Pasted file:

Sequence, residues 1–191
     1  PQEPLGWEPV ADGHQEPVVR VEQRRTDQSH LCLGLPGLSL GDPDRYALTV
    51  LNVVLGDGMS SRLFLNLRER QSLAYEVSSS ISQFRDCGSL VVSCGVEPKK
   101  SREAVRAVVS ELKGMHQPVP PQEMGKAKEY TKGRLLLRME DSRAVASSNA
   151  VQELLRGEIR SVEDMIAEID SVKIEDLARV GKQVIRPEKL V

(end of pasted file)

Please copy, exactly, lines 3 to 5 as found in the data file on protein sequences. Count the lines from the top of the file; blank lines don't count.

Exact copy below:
    51  LNVVLGDGMS SRLFLNLRER QSLAYEVSSS ISQFRDCGSL VVSCGVEPKK
   101  SREAVRAVVS ELKGMHQPVP PQEMGKAKEY TKGRLLLRME DSRAVASSNA
   151  VQELLRGEIR SVEDMIAEID SVKIEDLARV GKQVIRPEKL V